Drone Pilots Will Assist in Disaster Relief and Recovery Efforts During and After Hurricane Florence

Drone pilots are preparing for recovery relief after Hurricane Florence has passed.

Florence has ravaged the Carolinas and is moving through Virginia. A small army of drone pilots have been watching the forecasts and are staging in areas where they will be useful as a part of the disaster response. Their job is to quickly identify and, at times, fix damage caused by the storm.

"When we're predeployed, we have our rations—it's an ongoing joke of beef jerky and pretzels," said Hadley Doyle-González, who runs SMG Drones, in Palm Beach, Florida, Wired reported on Saturday. "We have a ridiculous amount of batteries. We need to be able to fly for 24 hours with no power."

Florence has brought torrential downpours, wind blasts, coastal erosion and flooding. There are at least 100 operators in 53 drone teams, each team with one drone, Fortune reported on Saturday. The operation of recovery efforts is being coordinated by the Washington-based industry, Edison Electric Institute. Other local providers are offering their own drones as well, including Duke Energy Corp. and Southern Co.

Drones can prove useful during recovery efforts in quickly finding issues in flooded and dangerous areas. The drones are fitted with aerial equipment such as infrared and high-zoom sensors meant to locate and inspect substations and locate malfunctioning equipment like broken solar panels and downed power lines.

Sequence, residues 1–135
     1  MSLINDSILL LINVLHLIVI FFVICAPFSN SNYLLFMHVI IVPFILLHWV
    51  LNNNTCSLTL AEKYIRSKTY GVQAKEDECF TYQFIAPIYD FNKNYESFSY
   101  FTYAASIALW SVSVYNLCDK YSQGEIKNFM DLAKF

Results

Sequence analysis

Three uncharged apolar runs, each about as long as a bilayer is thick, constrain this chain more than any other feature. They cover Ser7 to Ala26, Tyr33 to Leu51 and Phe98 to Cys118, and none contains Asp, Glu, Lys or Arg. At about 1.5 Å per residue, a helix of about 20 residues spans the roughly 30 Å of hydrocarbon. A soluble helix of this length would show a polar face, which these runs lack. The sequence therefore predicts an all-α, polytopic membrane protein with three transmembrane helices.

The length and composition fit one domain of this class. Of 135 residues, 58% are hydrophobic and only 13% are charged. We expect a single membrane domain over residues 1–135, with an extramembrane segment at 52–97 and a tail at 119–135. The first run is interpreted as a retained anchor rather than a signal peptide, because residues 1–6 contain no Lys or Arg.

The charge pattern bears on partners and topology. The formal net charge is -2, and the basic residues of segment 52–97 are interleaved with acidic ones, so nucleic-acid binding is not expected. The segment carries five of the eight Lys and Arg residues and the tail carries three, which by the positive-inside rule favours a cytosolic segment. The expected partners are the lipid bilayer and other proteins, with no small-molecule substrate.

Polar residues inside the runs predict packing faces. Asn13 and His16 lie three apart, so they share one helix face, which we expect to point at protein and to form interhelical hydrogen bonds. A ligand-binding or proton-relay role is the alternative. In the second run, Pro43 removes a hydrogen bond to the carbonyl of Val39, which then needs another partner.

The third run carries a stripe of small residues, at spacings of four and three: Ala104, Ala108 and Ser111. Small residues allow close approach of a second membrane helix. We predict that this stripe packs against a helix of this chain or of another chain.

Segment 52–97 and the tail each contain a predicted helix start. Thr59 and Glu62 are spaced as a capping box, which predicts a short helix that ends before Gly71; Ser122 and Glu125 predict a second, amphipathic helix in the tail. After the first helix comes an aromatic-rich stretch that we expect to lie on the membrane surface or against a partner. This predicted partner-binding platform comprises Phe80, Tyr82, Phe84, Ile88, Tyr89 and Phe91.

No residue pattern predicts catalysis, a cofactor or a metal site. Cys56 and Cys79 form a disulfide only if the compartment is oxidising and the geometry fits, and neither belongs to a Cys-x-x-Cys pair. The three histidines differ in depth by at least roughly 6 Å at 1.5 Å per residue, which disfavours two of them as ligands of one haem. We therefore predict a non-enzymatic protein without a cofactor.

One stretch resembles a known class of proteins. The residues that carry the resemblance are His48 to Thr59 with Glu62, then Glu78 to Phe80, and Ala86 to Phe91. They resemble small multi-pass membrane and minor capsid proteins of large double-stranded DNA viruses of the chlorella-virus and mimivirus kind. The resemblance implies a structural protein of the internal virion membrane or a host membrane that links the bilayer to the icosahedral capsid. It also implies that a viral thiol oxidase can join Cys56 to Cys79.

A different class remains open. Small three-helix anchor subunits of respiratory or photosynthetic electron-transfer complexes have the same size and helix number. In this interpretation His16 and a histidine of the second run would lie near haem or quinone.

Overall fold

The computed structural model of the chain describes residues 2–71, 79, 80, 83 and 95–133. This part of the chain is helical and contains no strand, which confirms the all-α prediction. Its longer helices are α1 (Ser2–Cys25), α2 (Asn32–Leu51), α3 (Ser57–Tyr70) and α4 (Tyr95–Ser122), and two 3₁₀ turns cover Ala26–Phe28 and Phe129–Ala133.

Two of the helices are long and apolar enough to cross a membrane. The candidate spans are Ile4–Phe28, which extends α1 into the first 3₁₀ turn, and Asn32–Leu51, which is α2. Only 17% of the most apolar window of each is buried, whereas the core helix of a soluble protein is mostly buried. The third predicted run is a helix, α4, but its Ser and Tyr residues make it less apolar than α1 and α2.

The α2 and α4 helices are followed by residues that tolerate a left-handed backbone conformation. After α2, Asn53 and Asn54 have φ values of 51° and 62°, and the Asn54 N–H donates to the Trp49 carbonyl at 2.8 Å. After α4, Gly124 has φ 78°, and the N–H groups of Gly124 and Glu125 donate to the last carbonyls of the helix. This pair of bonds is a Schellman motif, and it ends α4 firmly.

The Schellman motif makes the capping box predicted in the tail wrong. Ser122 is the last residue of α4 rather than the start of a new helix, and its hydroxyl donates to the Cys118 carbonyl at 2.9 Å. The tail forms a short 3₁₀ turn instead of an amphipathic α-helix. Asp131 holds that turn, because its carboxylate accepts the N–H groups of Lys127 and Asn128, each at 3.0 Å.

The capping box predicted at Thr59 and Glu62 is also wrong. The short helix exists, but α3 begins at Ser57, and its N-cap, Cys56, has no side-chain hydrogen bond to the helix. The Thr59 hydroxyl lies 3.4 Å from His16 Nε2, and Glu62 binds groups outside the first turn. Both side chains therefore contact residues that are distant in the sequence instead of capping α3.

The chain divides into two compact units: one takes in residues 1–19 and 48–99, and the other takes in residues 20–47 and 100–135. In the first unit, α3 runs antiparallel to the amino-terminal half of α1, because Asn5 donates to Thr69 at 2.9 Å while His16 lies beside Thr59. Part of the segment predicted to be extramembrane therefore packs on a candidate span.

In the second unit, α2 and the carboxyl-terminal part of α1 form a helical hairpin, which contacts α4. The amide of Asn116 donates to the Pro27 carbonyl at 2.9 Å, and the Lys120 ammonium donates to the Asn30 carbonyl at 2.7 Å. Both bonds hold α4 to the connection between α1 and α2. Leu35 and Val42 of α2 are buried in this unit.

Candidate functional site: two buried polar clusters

Drones have been used previously during hurricanes to assist in disaster relief. When Hurricane Harvey hit Houston in 2017, they were used to assess a broken substation and build a back-up. Drones can also be useful in checking generators at hospitals and alerting residents to necessary information.

North Carolina Governor Roy Cooper advised enthusiasts not deploy their own, private drones that could interfere with recovery efforts. "We don't want people to fly these drones and put people's lives and properties at risk," he said during a press conference on Friday.

Flood waters surround a home after Hurricane Florence passed through the area on September 15, 2018 in Warsaw, North Carolina. Hurricane Florence hit the North Carolina and South Carolina coastline bringing high winds and rain. Photo by Joe Raedle/Getty Images

The New York Power Authority has offered their own drones, according to spokesman Paul DeMichele, and these six drones are on standby. Insurance companies such as Travelers Cos. and United Services Automobile Association say they will use the drone technology to collect damage evidence for claims after the storm.